A scruffy youth sits next to him and muses on the inevitability of time. “What do you see?” he asks Bond. “A bloody big ship,” our favourite gentleman thug replies.
And so, in 2012’s Skyfall, we are introduced to the modern Q, Bond’s quartermaster, the lab-coat eschewing cyber boffin in charge of all the technology for the operatives of Her Majesty’s Secret Service.
Grumbling at the paltry gun and radio he’s just been handed, the grizzled spy says “not exactly Christmas”. Q replies: “what were you expecting, an exploding pen? We don’t really go in for that sort of thing any more.”
But it wasn’t always like this.
The MI6 of common understanding, thanks to Ian Fleming’s flamboyant characterisation, employs a host of wacky tricks and gadgets such as a bagpipe flamethrower, ticker-tape watches, x-ray glasses and a helicopter in a suitcase.
The real MI6, correctly titled the Secret Intelligence Service or SIS, prefers to think of itself as a much more sober outfit.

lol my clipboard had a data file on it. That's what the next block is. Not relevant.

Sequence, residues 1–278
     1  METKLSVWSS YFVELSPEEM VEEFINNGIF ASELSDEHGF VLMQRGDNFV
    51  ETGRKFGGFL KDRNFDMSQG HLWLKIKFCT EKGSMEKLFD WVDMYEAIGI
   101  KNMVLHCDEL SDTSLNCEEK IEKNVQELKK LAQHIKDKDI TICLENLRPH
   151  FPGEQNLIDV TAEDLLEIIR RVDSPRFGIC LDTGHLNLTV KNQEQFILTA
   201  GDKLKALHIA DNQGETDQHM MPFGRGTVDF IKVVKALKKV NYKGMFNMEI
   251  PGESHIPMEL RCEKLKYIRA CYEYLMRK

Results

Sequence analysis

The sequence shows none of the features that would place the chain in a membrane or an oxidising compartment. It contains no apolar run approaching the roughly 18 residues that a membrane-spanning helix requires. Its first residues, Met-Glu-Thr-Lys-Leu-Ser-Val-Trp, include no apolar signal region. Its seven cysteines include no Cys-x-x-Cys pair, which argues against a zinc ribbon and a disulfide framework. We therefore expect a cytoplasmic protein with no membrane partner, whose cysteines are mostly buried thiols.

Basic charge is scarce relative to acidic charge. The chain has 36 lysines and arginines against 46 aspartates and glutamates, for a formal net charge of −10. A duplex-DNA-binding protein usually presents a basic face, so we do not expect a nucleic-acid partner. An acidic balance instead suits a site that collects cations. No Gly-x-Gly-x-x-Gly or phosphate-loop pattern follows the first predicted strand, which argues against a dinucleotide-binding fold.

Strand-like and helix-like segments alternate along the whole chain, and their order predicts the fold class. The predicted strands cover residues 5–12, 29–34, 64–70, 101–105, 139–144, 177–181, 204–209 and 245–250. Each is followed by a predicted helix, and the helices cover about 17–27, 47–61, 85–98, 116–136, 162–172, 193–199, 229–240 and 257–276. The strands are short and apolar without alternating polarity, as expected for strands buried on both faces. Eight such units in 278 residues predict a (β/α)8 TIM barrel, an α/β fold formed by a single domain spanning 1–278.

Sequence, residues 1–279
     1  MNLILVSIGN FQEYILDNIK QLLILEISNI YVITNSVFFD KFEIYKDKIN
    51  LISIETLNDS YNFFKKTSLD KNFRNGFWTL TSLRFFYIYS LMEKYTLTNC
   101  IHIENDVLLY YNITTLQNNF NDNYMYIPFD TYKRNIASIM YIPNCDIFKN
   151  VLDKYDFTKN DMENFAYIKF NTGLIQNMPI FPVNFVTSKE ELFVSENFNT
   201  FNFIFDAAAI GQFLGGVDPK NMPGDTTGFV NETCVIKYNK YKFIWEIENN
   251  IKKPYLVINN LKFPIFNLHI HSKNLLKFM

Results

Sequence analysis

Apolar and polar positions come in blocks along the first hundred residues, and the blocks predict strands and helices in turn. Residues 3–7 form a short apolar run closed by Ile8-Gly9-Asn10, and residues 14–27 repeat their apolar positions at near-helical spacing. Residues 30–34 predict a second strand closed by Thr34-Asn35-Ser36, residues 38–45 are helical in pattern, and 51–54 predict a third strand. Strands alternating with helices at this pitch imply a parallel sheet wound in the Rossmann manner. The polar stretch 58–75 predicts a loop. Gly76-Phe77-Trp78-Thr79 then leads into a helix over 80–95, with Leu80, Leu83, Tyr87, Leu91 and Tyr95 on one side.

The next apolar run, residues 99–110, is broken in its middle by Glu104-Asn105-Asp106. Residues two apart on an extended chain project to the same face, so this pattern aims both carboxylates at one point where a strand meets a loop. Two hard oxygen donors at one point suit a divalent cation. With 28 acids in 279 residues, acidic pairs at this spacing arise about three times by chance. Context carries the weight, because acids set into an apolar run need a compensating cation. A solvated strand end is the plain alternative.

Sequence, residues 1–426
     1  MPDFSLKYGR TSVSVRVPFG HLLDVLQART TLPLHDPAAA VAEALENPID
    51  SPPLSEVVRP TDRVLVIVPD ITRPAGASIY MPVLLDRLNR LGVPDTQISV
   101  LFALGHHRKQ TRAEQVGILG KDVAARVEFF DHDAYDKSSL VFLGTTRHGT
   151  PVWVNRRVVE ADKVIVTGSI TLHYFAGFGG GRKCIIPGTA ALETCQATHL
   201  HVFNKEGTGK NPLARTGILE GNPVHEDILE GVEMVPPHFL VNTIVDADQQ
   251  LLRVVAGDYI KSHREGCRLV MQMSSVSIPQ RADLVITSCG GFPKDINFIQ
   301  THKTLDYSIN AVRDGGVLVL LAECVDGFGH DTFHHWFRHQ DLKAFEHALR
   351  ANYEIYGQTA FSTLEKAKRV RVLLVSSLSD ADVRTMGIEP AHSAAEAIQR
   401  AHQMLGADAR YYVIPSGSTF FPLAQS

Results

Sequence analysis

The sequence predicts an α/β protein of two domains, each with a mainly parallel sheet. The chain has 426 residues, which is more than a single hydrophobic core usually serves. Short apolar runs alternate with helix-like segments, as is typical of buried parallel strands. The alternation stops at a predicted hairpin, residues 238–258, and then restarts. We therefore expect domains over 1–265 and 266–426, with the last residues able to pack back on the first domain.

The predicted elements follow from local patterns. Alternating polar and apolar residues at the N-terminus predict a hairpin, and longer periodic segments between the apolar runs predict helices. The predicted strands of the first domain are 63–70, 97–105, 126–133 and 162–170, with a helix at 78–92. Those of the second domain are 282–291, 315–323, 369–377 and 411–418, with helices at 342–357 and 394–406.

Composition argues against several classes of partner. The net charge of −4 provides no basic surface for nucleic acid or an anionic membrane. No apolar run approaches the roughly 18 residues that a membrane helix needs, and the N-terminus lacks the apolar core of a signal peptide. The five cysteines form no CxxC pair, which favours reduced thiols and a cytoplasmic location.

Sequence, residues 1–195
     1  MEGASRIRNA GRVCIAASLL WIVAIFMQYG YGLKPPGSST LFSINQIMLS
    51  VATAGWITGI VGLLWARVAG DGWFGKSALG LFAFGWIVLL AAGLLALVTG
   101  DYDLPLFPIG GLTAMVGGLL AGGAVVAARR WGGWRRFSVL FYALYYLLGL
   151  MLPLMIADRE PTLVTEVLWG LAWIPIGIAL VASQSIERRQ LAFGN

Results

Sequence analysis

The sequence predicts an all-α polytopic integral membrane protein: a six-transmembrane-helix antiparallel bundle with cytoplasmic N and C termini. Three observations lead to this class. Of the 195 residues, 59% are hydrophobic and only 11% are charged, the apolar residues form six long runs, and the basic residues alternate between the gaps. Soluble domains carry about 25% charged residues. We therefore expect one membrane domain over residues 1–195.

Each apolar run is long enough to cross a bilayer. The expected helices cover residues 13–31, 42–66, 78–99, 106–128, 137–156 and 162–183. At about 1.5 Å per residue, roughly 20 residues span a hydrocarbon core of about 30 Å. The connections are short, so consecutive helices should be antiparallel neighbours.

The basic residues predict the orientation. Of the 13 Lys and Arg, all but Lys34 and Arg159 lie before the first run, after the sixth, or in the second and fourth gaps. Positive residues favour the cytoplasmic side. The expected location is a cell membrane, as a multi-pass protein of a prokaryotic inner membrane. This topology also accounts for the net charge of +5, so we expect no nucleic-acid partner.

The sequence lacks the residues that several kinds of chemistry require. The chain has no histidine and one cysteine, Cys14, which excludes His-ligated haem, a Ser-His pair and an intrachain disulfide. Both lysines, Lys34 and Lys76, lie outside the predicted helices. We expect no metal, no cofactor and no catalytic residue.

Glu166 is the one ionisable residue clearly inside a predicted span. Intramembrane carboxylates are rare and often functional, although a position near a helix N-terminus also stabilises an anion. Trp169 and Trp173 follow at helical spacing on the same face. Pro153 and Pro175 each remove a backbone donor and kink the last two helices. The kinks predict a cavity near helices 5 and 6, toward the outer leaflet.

But, to be fair, getting caught hiding a listening device in a fake rock hidden in a Moscow park in 2006 does nothing to support the denials that the fact is just as strange as the fiction.
What is less well known however, is that the gadgets actually came not from MI6, but from the espionage agency’s less glamorous cousin, MI9.
The accepted role of MI9 was to help recover service personnel trapped behind enemy lines, or assist those attempting to escape from German custody. MI9 designed special equipment to hide escape aids.
Hidden compartments in pipes, buttons and shaving brushes contained compasses, money was concealed in toothpaste tubes and notes were passed inside playing cards.